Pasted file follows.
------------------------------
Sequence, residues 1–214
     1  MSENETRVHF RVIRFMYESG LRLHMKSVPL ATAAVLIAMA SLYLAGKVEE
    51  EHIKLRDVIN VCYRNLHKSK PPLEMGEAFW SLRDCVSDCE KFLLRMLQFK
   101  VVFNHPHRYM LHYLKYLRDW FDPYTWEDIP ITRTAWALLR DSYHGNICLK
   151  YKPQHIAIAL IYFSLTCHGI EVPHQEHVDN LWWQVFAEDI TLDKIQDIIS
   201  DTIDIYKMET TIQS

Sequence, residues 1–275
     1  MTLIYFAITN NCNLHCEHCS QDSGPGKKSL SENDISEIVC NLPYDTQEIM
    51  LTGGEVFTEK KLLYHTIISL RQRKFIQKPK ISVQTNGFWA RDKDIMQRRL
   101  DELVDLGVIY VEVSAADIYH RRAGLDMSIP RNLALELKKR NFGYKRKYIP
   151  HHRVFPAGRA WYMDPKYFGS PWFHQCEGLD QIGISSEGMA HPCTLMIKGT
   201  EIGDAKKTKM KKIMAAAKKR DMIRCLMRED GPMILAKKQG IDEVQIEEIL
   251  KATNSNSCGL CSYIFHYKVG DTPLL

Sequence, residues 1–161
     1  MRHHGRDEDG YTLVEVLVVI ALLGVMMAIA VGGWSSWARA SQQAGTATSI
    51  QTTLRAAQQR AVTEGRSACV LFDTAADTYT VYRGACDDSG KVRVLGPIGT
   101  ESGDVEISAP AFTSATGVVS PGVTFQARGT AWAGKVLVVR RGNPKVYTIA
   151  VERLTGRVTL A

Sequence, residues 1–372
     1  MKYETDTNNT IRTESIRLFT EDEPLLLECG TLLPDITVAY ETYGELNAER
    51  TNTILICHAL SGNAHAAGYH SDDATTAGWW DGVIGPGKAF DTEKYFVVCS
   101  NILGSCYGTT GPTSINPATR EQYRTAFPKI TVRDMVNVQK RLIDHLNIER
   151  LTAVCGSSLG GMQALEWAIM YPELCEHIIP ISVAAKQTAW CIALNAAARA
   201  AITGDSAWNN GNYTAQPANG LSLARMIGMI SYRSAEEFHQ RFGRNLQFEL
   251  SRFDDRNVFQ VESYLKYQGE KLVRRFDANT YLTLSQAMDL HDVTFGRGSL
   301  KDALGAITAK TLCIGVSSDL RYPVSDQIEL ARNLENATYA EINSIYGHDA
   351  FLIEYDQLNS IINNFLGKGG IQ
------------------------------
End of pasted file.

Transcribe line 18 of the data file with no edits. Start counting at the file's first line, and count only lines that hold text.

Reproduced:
   151  VERLTGRVTL A